Susan Pedersen

Susan Pedersen is busy writing a book about marriage and politics in the Balfour family.

Flocculent and Feculent

Susan Pedersen, 23 September 2021

Of the many​ hardships visited on New York in the first months of the pandemic, food shortages weren’t among them. Supply chains held. Cleaning products vanished from supermarket shelves but there was still plenty to eat. The system showed its tensile strength, its eerie ability to deliver food of all kinds even to a population pinned in place, unequally able to purchase it. When the...

On​ 18 June 1914, Sylvia Pankhurst was released from Holloway prison. She was in bad shape. A year earlier the Liberal government had passed the so-called Cat and Mouse Act as a response to the hunger strikes undertaken by militant suffragettes in prison. Under its terms, women could be released when they became dangerously weak (not just from hunger, but also from the travails of...

Mothers were different: The Breadwinner Norm

Susan Pedersen, 19 November 2020

Fathers sat down to a kipper or a boiled egg at breakfast (and gave one fav­oured child the top); their dependants ate porridge. Kind fathers sometimes shared tidbits; others avoided the whole drama and ate alone. It’s true, of course, that many men were doing hard manual labour: they needed those hearty meals. But these be­ haviours were also about status. Even men in sedentary jobs ate eggs and bacon while their children ate bread and dripping.Mothers were different. Mothers fed you, sent you to school, decided when you’d go to work – and, if you were a girl, pulled you out of school when you were needed at home. Mothers ruled every aspect of your life.

Ruin it your own way

Susan Pedersen, 4 June 2020

When​ Shelagh Delaney, all of 19, started writing A Taste of Honey, it had only two characters: Jo, the 15-year-old Salford school-leaver whose choices and chances structure the story, and her forty-year-old often skint but always cadging mother, Helen. Other characters were added later. Peter, the louche businessman with a ‘wallet full of reasons’ to lure Helen offstage and into...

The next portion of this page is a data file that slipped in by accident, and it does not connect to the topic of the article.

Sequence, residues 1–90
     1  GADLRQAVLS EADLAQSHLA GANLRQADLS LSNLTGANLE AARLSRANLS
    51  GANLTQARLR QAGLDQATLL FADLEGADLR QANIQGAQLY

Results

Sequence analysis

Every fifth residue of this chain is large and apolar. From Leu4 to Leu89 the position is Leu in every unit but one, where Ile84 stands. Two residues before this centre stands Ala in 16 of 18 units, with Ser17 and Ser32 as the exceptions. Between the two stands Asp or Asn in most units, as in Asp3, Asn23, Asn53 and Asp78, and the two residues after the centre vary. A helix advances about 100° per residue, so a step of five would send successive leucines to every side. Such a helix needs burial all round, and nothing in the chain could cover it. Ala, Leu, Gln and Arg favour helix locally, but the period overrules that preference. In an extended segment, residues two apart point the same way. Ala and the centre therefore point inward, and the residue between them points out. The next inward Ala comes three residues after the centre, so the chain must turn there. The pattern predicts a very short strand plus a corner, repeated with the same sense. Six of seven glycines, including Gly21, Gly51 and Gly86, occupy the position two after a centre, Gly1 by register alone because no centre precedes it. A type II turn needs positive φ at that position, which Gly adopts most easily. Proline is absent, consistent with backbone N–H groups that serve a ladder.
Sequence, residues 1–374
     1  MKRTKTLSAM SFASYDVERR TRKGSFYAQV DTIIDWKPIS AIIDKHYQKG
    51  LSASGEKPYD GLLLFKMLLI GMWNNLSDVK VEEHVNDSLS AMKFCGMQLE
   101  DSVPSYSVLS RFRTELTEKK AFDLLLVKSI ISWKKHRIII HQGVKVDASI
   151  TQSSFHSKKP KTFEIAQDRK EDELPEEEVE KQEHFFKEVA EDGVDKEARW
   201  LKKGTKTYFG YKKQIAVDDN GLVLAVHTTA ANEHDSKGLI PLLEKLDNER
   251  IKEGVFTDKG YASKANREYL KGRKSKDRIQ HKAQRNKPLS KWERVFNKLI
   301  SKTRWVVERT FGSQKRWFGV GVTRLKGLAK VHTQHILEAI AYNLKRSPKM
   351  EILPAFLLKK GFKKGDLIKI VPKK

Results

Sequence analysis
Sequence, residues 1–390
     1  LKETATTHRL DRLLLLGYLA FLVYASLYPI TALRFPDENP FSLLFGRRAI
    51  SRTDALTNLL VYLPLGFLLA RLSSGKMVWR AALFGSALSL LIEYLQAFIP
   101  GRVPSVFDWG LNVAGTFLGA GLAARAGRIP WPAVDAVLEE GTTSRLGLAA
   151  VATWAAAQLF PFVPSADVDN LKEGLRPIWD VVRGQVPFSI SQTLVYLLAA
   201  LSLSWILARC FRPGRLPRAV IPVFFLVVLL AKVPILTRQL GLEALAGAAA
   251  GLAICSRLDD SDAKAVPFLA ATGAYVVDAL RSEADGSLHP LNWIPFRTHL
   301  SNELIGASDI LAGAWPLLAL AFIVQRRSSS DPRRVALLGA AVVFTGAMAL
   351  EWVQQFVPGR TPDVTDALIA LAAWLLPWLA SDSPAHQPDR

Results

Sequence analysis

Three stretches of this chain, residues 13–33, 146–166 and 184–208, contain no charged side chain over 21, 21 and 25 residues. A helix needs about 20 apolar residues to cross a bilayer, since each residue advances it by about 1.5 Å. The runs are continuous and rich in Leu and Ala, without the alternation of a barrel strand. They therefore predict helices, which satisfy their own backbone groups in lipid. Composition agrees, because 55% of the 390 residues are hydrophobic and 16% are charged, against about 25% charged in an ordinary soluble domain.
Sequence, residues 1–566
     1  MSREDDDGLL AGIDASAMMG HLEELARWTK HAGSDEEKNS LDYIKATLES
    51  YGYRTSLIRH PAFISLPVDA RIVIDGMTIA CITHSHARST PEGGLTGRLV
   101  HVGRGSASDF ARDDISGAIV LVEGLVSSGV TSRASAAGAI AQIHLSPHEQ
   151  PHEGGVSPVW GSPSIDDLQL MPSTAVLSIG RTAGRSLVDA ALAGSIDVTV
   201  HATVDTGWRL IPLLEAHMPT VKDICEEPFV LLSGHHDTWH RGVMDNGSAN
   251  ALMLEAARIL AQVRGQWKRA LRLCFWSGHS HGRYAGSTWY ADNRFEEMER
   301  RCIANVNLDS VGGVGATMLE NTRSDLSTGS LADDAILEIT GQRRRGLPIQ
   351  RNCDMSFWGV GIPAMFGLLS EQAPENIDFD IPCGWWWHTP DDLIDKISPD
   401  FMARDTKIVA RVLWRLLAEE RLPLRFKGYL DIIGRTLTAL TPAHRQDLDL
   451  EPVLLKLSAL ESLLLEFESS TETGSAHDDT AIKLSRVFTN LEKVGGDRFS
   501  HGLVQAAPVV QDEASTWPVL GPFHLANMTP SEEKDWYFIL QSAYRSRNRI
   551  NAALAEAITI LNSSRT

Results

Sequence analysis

Shock Cities: The Fate of Social Democracy

Susan Pedersen, 2 January 2020

These​ two books will be read, inevitably, as studies of neoliberalism, a world order – and a word – that has snuck up on us in the last few decades. I say ‘snuck up’ for a reason. I remember the 1980s, when our antagonists were identifiable and embodied: the one with the handbag, the one with the cowboy hat, and then their grey successors. We were so happy when...

Parcelled Out: The League of Nations

Ferdinand Mount, 22 October 2015

I have often thought​ of writing a history of own goals. It would try to identify the factors common to the great boomerangs of the past: the conceit that mistakes itself for cunning, the...

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Associated Prigs: Eleanor Rathbone

R.W. Johnson, 8 July 2004

When Susan Pedersen writes that Eleanor Rathbone was the most significant woman in British politics in the first half of the 20th century she might have added that another Somerville alumna,...

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Here’s to the high-minded

Stefan Collini, 7 April 1994

In the Seventies and Eighties, right-wing think-tanks and their academic lapdogs put about the idea that the ills of contemporary Britain were fundamentally due to its genteel aversion to...

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